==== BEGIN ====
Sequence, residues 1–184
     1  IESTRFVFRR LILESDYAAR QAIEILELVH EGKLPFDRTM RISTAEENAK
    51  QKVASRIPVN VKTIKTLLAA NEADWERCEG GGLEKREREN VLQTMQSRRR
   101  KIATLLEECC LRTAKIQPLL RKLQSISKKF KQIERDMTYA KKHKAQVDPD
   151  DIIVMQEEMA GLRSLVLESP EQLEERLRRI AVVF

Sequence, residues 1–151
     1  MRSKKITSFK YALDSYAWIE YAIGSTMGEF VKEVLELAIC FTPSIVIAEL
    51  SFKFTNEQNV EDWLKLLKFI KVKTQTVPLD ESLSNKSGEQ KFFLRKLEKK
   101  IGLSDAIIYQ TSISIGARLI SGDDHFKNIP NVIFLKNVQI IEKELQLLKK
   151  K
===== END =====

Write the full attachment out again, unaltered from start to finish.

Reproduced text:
Sequence, residues 1–184
     1  IESTRFVFRR LILESDYAAR QAIEILELVH EGKLPFDRTM RISTAEENAK
    51  QKVASRIPVN VKTIKTLLAA NEADWERCEG GGLEKREREN VLQTMQSRRR
   101  KIATLLEECC LRTAKIQPLL RKLQSISKKF KQIERDMTYA KKHKAQVDPD
   151  DIIVMQEEMA GLRSLVLESP EQLEERLRRI AVVF

Sequence, residues 1–151
     1  MRSKKITSFK YALDSYAWIE YAIGSTMGEF VKEVLELAIC FTPSIVIAEL
    51  SFKFTNEQNV EDWLKLLKFI KVKTQTVPLD ESLSNKSGEQ KFFLRKLEKK
   101  IGLSDAIIYQ TSISIGARLI SGDDHFKNIP NVIFLKNVQI IEKELQLLKK
   151  K